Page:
Japan should consider relaxing its ban on arms exports so defense companies can participate in international projects, a special advisory panel to Prime Minister Naoto Kan said Friday.
The panel’s comprehensive report on security and defense policies will likely form the foundation for a revision of the National Defense Program Guideline set to be completed by the end of the year.
It recommends easing the ban on weapons exports to prevent the nation’s defense industry from falling behind in international technology innovation.
“With a careful design to contribute to international peace and improvement of Japan’s security environment, (the government) should revise current arms export prohibition policy,” the report says.
The report says there is no need “for the time being ” to amend the three nonnuclear principles of not possessing, producing or introducing nuclear weapons into Japan.
Panel member Takashi Shiraishi, president of the Institute of Developing Economies, Japan External Trade Organization, a research affiliate of JETRO, added that the panel came to the conclusion that Japan shouldn’t limit the kind of action it could take in the future.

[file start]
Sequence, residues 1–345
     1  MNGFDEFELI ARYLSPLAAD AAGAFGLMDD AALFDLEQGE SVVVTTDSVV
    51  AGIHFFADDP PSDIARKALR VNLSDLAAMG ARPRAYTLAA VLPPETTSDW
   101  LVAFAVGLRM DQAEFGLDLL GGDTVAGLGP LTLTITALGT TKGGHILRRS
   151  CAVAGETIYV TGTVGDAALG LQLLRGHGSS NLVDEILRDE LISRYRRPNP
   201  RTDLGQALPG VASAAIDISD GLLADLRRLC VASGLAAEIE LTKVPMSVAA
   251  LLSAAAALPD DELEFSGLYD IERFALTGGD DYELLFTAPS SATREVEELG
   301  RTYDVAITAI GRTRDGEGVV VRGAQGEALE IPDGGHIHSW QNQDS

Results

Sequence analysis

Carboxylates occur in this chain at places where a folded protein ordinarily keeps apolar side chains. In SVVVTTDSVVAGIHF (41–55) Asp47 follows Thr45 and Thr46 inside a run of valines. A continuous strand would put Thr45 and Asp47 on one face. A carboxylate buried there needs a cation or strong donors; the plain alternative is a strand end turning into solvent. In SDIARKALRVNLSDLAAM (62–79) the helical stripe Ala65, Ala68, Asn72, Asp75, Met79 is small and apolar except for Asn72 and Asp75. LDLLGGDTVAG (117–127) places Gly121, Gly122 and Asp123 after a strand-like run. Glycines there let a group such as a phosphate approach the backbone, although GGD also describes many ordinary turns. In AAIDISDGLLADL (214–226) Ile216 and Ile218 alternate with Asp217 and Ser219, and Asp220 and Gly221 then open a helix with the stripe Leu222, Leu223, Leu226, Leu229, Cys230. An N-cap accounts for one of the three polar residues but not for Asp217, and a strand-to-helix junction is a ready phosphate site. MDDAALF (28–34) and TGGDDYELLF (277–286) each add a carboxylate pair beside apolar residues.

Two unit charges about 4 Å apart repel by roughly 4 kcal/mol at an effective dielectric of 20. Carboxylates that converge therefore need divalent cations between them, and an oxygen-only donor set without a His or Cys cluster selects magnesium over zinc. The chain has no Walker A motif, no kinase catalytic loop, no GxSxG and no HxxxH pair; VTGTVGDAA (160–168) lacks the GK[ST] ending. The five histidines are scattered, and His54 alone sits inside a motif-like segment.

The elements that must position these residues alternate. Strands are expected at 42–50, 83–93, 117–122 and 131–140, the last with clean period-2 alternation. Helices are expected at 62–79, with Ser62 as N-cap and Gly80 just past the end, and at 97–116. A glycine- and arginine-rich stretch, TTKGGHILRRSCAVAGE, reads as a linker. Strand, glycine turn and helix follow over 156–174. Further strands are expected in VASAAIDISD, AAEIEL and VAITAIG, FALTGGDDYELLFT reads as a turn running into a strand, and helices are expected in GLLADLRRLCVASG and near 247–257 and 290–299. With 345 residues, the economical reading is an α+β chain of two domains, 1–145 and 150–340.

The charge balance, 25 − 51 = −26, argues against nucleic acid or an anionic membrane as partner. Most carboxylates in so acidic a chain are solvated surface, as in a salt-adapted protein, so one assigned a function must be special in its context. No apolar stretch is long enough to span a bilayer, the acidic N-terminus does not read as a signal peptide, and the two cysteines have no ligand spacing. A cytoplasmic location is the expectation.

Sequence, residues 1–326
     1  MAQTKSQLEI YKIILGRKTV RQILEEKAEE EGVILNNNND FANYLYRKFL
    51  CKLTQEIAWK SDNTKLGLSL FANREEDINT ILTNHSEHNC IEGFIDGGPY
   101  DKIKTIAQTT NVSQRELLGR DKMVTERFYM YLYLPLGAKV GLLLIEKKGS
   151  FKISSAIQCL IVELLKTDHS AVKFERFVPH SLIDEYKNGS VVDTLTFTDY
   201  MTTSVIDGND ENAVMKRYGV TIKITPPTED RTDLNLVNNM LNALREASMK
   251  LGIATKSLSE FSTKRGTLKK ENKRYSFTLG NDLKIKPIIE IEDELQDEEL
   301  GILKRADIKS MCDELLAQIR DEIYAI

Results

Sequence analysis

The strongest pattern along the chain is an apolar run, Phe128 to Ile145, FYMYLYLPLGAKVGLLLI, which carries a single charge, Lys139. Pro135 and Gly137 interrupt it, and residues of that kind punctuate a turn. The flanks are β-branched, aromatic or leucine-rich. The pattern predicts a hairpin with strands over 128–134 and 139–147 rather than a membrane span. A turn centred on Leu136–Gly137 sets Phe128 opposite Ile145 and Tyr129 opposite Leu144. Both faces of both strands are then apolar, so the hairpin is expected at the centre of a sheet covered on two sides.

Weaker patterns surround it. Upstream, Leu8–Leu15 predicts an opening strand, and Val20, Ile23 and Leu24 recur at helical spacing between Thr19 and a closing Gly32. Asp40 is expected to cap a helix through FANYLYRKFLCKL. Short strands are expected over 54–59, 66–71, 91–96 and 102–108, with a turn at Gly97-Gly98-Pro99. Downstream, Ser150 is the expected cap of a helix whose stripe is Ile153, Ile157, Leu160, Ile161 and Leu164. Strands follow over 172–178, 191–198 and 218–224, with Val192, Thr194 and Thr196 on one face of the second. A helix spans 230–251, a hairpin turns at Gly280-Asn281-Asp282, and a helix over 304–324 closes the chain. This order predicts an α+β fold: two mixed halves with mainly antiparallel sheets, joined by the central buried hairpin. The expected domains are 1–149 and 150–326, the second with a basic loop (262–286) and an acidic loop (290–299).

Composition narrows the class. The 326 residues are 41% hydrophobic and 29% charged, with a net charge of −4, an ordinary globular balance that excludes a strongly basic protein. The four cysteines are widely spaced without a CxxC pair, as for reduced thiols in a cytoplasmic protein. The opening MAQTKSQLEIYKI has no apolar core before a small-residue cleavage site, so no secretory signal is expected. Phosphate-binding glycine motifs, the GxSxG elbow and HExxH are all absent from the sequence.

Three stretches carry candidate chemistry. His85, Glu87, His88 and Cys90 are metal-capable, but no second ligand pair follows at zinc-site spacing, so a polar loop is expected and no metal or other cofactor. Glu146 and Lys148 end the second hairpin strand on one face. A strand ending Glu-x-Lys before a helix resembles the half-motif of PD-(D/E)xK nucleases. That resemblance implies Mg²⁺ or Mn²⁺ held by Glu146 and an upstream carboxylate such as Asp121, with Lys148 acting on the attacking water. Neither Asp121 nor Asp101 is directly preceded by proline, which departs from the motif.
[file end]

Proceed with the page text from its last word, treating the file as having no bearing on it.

“No one is saying that we should reconsider the three nonnuclear principles ” Shiraishi told a news conference after the panel submitted its report to Kan. “But at the same time, we didn’t think it wise to limit Japan’s future actions by setting a principle that Japan won’t need to review them in the future. We felt it was necessary to point out that options should be left open.”
As the only country to be attacked with nuclear weapons, the possibility that Japan could revise the three nonnuclear principles, for which Prime Minister Eisaku Sato won the Nobel Peace Prize in 1974, is a controversial issue that could draw severe criticism from the public.
Deputy Chief Cabinet Secretary Tetsuro Fukuyama stressed that the government will consider the report only as “one reference” for revising the National Defense Program Guideline.
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